Hold on a minute. Where are the comparison figures for 'the wider population' ? We don't get them. Instead we get what the wider population think of Muslim loyalty. So we don't know how the BBC derives its 'more loyal than most' headline. Alas the FP report doesn't feature the 'loyalty' figures - but if the BBC are reporting correctly, and we're talking UK, the poll may be telling us as much about the fracture lines within Britain, expressed as an increased loyalty to the constituent nations, as it does about Muslim loyalty.

(The report was apparently due to be released Wednesday, but I can't find it on the Gallup site. Anyone know where it is, or who commissioned the poll ?)

UPDATE - thanks to commenters who point out this David Conway post at Civitas :

I think there is very good reason to doubt the impartiality of those responsible for devising and for interpreting the poll, and hence to mistrust any claims about what it supposedly has revealed about the opinions of Muslims.

The reason to mistrust the impartiality of some of those connected with the poll is that, as stated on its own website, in developing and analysing data from the World Poll, the Gallup Organisation has relied 'on a panel of world–renowned scientists … [who] include John Esposito'. Now, John Esposito, as I explained in a related posting about the Gallup poll in February, is the founding Director of the Prince Alwaleed Bin-Talal Center for Muslim-Christian Understanding at Georgetown University in Washington DC which changed its name to its present one, after his university where it is based received a gift of $20 million from the man to whose name his centre changed its own.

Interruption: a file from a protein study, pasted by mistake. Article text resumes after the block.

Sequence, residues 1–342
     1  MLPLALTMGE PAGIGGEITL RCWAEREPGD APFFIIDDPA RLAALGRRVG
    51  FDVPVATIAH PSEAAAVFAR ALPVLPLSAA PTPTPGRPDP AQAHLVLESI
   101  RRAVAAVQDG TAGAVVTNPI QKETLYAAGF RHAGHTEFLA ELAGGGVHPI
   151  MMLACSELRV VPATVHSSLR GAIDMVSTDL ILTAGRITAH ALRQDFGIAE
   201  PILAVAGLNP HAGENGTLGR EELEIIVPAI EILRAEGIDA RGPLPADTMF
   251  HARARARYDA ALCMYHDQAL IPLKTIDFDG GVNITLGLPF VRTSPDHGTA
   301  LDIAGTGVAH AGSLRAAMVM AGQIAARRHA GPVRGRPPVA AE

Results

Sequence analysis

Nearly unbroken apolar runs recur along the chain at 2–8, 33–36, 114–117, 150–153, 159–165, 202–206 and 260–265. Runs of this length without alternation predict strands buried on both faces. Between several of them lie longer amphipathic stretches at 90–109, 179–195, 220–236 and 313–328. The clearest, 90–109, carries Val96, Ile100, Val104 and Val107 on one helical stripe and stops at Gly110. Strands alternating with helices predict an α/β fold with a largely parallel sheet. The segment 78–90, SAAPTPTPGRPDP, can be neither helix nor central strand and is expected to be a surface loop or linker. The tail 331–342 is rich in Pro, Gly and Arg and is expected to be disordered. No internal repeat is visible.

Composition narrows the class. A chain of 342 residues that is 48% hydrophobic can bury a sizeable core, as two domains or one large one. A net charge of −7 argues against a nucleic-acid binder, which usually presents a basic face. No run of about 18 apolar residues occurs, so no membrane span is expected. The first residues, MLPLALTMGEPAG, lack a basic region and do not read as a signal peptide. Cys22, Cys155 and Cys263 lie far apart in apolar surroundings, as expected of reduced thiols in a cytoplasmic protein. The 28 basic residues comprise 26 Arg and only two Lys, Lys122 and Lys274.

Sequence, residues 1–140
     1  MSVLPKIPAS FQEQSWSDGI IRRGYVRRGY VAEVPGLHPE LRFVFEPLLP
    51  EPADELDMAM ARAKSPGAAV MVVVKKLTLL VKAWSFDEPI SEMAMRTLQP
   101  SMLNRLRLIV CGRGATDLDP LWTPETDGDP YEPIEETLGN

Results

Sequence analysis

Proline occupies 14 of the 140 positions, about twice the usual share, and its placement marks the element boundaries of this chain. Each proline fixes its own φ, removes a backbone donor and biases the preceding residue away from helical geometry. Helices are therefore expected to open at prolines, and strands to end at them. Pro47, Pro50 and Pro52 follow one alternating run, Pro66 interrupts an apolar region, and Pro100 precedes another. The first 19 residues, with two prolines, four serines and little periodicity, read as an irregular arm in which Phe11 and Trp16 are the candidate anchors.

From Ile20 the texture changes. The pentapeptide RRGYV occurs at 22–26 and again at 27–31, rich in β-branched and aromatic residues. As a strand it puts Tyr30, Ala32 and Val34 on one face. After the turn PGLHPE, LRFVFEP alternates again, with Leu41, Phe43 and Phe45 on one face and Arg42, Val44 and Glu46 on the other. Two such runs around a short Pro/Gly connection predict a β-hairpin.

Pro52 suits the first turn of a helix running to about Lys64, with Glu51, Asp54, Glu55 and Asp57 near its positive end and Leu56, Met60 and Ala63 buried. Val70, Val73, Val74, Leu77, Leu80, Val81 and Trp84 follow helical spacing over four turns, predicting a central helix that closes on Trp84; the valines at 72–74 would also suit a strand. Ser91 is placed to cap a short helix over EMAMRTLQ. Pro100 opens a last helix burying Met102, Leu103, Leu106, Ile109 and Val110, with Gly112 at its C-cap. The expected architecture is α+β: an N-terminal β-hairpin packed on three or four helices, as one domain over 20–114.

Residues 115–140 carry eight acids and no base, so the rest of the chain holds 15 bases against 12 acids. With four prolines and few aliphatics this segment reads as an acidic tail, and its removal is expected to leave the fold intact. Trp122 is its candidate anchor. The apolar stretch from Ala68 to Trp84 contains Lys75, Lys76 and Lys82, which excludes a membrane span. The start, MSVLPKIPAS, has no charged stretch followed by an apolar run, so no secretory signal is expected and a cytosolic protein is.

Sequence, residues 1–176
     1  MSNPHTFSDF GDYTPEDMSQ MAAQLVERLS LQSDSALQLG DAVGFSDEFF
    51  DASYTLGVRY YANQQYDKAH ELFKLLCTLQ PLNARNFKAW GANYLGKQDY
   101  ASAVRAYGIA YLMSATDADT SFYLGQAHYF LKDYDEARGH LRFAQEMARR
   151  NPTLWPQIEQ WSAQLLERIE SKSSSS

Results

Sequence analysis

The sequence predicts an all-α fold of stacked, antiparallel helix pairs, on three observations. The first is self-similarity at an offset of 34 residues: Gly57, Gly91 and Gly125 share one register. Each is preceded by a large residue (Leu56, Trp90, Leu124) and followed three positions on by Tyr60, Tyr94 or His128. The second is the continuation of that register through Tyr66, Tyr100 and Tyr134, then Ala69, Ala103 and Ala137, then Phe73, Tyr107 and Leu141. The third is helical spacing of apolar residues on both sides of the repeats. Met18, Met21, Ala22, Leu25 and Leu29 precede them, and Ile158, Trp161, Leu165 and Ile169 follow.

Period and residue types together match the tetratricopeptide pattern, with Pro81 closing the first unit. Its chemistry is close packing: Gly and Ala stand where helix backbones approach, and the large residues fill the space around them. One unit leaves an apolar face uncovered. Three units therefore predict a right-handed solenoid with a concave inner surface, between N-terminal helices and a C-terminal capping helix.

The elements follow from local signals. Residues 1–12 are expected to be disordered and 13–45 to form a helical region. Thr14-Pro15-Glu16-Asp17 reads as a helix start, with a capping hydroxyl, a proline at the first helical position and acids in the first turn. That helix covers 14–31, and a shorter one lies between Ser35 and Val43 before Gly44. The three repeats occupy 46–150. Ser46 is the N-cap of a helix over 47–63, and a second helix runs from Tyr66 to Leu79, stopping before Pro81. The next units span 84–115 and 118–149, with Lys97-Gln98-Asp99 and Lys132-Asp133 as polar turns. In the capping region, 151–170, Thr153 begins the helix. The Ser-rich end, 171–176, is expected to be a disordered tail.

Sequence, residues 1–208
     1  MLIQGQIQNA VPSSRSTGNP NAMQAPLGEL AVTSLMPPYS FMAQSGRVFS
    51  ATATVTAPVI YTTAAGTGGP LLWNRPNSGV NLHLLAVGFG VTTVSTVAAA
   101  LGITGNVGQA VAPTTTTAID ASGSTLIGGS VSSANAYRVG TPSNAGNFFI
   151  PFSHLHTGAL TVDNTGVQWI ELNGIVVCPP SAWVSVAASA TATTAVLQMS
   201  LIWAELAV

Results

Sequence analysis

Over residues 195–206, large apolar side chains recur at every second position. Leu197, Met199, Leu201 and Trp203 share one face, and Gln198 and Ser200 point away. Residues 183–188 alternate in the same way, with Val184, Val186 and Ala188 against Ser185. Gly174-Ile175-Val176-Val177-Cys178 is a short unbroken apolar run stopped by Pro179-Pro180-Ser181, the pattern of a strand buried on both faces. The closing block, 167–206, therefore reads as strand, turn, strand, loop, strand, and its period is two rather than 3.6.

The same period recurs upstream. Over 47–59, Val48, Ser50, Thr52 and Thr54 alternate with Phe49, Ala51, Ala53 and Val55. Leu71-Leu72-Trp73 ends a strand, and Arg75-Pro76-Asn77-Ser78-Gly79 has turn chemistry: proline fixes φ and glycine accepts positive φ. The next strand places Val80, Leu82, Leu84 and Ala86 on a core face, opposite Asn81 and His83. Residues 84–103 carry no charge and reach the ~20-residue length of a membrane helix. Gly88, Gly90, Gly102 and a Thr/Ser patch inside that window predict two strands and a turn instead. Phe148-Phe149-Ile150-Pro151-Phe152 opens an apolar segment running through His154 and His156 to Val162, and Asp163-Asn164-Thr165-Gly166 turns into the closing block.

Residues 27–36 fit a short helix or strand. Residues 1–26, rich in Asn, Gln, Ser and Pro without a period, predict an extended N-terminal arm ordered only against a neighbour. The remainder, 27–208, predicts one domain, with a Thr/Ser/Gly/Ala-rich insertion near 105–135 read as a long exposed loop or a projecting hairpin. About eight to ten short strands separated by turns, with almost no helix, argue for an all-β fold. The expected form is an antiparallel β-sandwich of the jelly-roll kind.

As I reported in my posting about the Times' encomium of Ken Livingstone last week, this Saudi benefactor is known to be someone who is prepared to use his fabulous wealth and great influence to shape world-opinion in a way favourable to Muslims in general and to the Saudi Wahhabi regime in particular. He also happens to be the single largest share-holder in the holding company that owns, among many other news-media, ... the Times.

11 comments:

Anonymous said...

If Taqiya was explosive, we'd be able to take out the Channel Tunnel with that report.


DJ

No Good Boyo said...

Melanie Phillips has some info:

http://www.melaniephillips.com/diary/?p=1497

Umbongo said...

I think we can all relax now that this dose of reality about the wonder of Muslim love for Britain has been administered.

What a crock! I can understand the BBC lapping up this crap but the Times, at least, has some pretensions to purveying elements of disinterested fact.

Voyager said...